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Friday 13th

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KevinL

New member
Joined
Oct 30, 2015
Messages
2
Location
Berkshire, England, UK
It's the 5th anniversary of my On-X valve today, thought I'd pluck up the courage to post my first comment. Back in 2015 I was told I was going to need surgery to replace my bi-cuspid valve. Got the phone call to let me know the date - Friday 13th of November. Had my OHS in Oxford (UK), everything went really well. I used to be superstitious, not so much now, I get to celebrate the day. I have had a couple of little issues in the last few years, but the heart valve has been going strong. INR is pretty stable and I only have to have a blood test every 2 and half months now.
 

Pete81

Active member
Joined
Apr 3, 2020
Messages
26
Location
Netherlands
Why every 75 days, should it be more frequent?
I was thinking exactly that. However I do recall from my own time in the UK that as long as I was stable and in range they would keep putting the appointments further apart. I think 3 to 4 weeks max is stil reasonably safe
 

Superman

Well-known member
Joined
Oct 3, 2009
Messages
959
Location
Grand Rapids, MI, USA
One would have no idea if they were stable. Only that they happen to be in range on that particular test day. 2 1/2 months is a long time to float.

Congrats on the anniversary! Time flies when your having fun.
 

KevinL

New member
Joined
Oct 30, 2015
Messages
2
Location
Berkshire, England, UK
You've got me a bit more worried now. INR has been very stable for a while now though, and been on the same warfarin dosage for a long time. Guess it's a UK thing. Have thought about the self testing machines but not ventured down that route yet.
 

Pete81

Active member
Joined
Apr 3, 2020
Messages
26
Location
Netherlands
You've got me a bit more worried now. INR has been very stable for a while now though, and been on the same warfarin dosage for a long time. Guess it's a UK thing. Have thought about the self testing machines but not ventured down that route yet.
By no means did I want to worry you. As mentioned I was in the UK myself for quite some time and experienced same thing with quite long intervals and all went well indeed. That said, the convenience and even better control over your INR by self testing, which I started doing upon my return in the Netherlands, is something I can recommend. Only takes me 5 minutes every 2 - 3 weeks, definitely faster than having to go to the GP. Also it allows for a quick check after the occasional visit to a CAMRA event 😉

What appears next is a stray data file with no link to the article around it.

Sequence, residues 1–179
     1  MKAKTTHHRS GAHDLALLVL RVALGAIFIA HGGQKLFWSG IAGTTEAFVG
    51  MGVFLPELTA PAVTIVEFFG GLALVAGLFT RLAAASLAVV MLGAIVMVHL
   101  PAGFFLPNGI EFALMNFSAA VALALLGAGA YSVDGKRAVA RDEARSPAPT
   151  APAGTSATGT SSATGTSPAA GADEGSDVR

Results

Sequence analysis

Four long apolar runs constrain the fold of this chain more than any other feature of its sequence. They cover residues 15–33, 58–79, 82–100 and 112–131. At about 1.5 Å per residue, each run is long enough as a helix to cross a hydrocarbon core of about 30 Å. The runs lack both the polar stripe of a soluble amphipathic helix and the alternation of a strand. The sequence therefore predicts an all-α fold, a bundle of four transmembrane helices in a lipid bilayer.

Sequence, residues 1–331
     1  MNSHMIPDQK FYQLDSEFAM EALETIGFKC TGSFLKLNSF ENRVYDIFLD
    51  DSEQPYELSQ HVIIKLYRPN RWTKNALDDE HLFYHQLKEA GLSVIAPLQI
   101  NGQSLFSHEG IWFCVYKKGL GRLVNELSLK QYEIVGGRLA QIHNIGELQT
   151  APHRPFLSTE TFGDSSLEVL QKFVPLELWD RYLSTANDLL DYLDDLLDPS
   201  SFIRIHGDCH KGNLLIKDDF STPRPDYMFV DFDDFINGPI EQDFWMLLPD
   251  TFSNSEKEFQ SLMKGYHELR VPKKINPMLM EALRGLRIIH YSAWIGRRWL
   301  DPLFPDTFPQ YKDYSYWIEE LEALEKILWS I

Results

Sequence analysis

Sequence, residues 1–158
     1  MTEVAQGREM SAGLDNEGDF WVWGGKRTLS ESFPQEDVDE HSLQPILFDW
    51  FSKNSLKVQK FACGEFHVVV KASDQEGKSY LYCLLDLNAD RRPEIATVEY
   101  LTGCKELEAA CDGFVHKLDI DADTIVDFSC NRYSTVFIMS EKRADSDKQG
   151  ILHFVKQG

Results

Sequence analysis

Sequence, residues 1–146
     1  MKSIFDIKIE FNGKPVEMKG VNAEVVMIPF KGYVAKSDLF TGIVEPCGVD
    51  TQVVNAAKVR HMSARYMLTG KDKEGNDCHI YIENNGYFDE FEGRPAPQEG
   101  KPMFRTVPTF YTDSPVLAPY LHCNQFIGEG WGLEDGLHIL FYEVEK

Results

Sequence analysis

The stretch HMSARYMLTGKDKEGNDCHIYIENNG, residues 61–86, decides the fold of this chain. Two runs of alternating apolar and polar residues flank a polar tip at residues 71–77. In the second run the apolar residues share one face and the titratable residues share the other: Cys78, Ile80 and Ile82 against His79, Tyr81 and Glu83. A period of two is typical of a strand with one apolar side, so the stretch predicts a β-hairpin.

ATHENS1964

Well-known member
Joined
Oct 19, 2019
Messages
124
You've got me a bit more worried now. INR has been very stable for a while now though, and been on the same warfarin dosage for a long time. Guess it's a UK thing. Have thought about the self testing machines but not ventured down that route yet.
Here you are, there are many issues for inr, read and all your questions will be answered and for what you need, there are many who will help.

View attachment 887464
Here you are, there are many issues for inr, read and all your questions will be answered and for what you need, there are many who will help.
 

jlcsn2015

Well-known member
Joined
Sep 21, 2015
Messages
111
Location
Toronto
Congrats !, my Onx is 5 years old tomorrow, as long as i keep a routine in what i eat, drink and do, i keep testing at 15 days, if something changes, anything at all, i do 10 days, it just works "for me", we are all different.
 

Protimenow

Well-known member
Joined
Aug 10, 2010
Messages
3,632
Location
California
The bad thing about INR is that it can change without warning, so your INR may be pretty stable one day, and change the next.

Before I started self-testing, I was AWFULLY DAMNED LUCKY, and AWFULLY DAMNED CARELESS. I went for nearly 3 years without testing - convincing myself that I could 'feel' when my INR was out of range.

There's a study by the Duke Clinics that shows that a clot can form in about 10 days if INR drops below 2.0. My INR has been pretty stable during the 11 years that I've been self-testing.

I'm most comfortable testing weekly - sometimes, I draw it out a bit longer.

Although testing every 2 months works for you, as others have said, it's just a snapshot of your INR at the time your test is run. You have no idea what it was during the interval. I, personally, would be uncomfortable with that risk.

If you can, get yourself a testing machine - there are many on this forum who can help with finding the correct dose (and modifying it as needed), and lots of advice on where to get the machines and supplies.

Again, as far as I'm concerned, two weeks is a MAXIMUM time between tests - testing weekly would be even better.
 
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